The Orioles arranged a conference call with new third baseman Mark Reynolds, who spoke for about seven minutes before we let him enjoy the rest of his night.
Reynolds said he was surprised to learn that the Diamondbacks traded him this morning.
“Obviously, I didn’t want to leave,” he said. “I have my house here, my friends, family. I have a pretty good setup with spring training 10 minutes down the road. But I’m looking forward to it, going back east. I’m from Virginia Beach, so it’s a couple hours from my house.
“It’s going to be a good experience for me. I’m excited to go there and meet the other guys, the coaches, the front office. It’s going to be an adventure and I’m looking forward to it.”
Reynolds’ average sunk to .198 last season, and he eclipsed 200 strikeouts for the third straight year.
“It was borderline embarrassing, as far as my average goes,” he said. “I know I’m a much better hitter than that. I think I pushed myself a little too hard. I’m pretty stubborn when it comes to injuries and things like that. I hate missing games, I hate missing at-bats. I think I’ve learned a lot in that area as far as how to listen to my body and know when I need to maybe take some time off. Looking back, I wish I had done that, but it’s past and you move forward, and I think I’ll have a lot better chance for success knowing what I went through this past year.”
How does Reynolds describe his style of play?
Just the way you would like.
“No matter what, I’m going to try and play every day, play every game,” he said. “I’m definitely going to leave the field dirty. I’m not afraid to dive into the stands, I’m not afraid to take on a catcher at home plate. I definitely play the game 100 percent all nine innings, and you’ll never see me loafing out there. If I’m loafing, it must mean that I’m hurt.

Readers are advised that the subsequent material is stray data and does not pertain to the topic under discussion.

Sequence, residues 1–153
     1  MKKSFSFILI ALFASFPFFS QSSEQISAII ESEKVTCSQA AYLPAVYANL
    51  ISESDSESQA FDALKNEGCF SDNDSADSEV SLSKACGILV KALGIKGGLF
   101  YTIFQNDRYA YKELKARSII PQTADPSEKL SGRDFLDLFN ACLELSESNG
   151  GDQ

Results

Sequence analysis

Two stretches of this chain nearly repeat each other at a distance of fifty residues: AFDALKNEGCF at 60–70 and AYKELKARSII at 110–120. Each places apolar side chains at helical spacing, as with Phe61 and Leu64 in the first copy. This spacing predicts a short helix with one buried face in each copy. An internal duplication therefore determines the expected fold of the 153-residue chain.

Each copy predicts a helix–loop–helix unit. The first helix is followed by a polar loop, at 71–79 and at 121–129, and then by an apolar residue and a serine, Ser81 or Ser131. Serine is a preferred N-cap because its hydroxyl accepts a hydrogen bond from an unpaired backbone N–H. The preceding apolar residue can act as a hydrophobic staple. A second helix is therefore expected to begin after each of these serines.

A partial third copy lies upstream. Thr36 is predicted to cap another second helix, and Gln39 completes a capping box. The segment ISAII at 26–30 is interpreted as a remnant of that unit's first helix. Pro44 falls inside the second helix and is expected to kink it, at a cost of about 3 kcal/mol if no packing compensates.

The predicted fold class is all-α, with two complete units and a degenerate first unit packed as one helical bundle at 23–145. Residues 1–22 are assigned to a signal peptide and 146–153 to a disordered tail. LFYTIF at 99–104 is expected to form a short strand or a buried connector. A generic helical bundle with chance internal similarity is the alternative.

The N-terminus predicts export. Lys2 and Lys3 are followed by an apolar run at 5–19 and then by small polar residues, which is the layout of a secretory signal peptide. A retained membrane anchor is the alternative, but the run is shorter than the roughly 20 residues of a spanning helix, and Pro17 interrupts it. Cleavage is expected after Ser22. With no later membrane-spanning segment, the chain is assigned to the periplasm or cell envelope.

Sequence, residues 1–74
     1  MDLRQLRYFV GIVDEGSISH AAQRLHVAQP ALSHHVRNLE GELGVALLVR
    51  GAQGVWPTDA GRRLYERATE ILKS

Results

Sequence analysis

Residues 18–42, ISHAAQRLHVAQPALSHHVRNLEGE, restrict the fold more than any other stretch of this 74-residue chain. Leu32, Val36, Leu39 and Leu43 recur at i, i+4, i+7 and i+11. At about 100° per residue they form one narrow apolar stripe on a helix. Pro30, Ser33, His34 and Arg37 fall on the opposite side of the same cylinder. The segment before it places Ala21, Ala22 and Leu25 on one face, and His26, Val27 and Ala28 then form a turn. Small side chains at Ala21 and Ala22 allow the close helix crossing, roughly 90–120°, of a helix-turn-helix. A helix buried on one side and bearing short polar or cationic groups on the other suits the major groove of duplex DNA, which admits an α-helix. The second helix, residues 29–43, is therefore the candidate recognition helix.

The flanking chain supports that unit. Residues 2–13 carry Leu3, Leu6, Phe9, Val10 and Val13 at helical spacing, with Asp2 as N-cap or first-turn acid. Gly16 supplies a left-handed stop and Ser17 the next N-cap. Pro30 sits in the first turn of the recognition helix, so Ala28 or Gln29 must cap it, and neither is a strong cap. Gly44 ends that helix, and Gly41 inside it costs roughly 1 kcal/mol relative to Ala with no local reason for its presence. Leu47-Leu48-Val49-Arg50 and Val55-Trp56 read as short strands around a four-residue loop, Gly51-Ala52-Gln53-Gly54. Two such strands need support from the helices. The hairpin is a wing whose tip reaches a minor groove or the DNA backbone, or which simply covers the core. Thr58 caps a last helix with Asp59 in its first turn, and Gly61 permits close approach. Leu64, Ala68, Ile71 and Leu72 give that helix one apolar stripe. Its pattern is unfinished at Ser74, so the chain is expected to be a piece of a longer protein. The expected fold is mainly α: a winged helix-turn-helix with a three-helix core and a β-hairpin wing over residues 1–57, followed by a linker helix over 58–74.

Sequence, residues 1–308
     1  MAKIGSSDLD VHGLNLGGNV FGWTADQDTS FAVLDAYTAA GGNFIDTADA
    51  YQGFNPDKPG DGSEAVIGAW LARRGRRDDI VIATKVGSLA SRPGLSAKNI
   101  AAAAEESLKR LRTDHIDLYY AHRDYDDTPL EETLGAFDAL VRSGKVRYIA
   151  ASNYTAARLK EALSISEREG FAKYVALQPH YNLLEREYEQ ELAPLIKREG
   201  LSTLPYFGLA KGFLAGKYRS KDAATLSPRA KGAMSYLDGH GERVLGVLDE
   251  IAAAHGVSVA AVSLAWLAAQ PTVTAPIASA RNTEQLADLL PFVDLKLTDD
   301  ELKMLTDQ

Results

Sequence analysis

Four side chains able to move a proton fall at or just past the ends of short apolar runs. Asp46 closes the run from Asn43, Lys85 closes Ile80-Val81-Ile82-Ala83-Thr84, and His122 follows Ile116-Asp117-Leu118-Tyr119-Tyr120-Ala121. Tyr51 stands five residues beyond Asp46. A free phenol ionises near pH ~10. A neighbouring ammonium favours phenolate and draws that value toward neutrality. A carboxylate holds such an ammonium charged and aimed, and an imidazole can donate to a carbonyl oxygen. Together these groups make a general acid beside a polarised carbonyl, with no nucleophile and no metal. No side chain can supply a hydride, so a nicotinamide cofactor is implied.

“I’m a hard-nosed player and I’ll go out there every day with all I’ve got.”
Reynolds will need a crash course in learning this team.
“I actually had the roster and I don’t know anyone personally,” he said. “I’ve maybe said ‘hi’ in passing. I’m going to go there and get acclimated with all the guys. It’s just like a fresh start. Hopefully, I can put this past year behind me, be smarter with taking care of my body and managing things like that. I’m looking forward to getting to see the guys and getting to know everybody.”
Asked to expand on his injuries, Reynolds said, “In the spring, I hurt my quad the last day of spring training. I didn’t think too much of it and it really hampered me running the bases and stealing bags. That is kind of part of my game. That bothered me all the way prior to the All-Star Game, and then when I started to get 100 percent healthy, I got hit in the head with a 96 mile-an-hour fastball, and that kind of set me back. Then in September, I hurt my hand somehow. It was tough to feel the bat. I tried to put a protect on it and play through it. I probably shouldn’t have done that.
“It was all just nagging stuff. I feel 100 percent now and I’m ready to go.”
Reynolds also will need to learn more about Camden Yards.
“As far as the park goes, I don’t know much about it,” he said. “I heard it’s pretty hitter-friendly. It’s definitely going to be an adjustment moving to the A.L. with the pitching and getting to know everybody. I’m going to rely on the coaches and the players on the team to help me out and give me scouting reports and let me know what he’s got.
“I don’t expect it to be an adjustment that is going to take me a while, hopefully, but it’s definitely going to be something that I’m going to have to get used to.”
President of baseball operations Andy MacPhail and manager Buck Showalter noted the improvement in Reynolds’ defense at third base. Reynolds said it’s a product of experience and his work with Matt Williams.
“In 2007, my first year in the big leagues, I played like 30 games in Double-A that year and that was my first year ever playing third base. And then I got the call up and got thrown in the fire,” he said. “I kind of learned on the job and it definitely showed early on. But I took a lot of time in spring training working with Matt Williams. He really helped out a lot over there, my footwork and things like that, so I think I’m only getting better as time goes on.”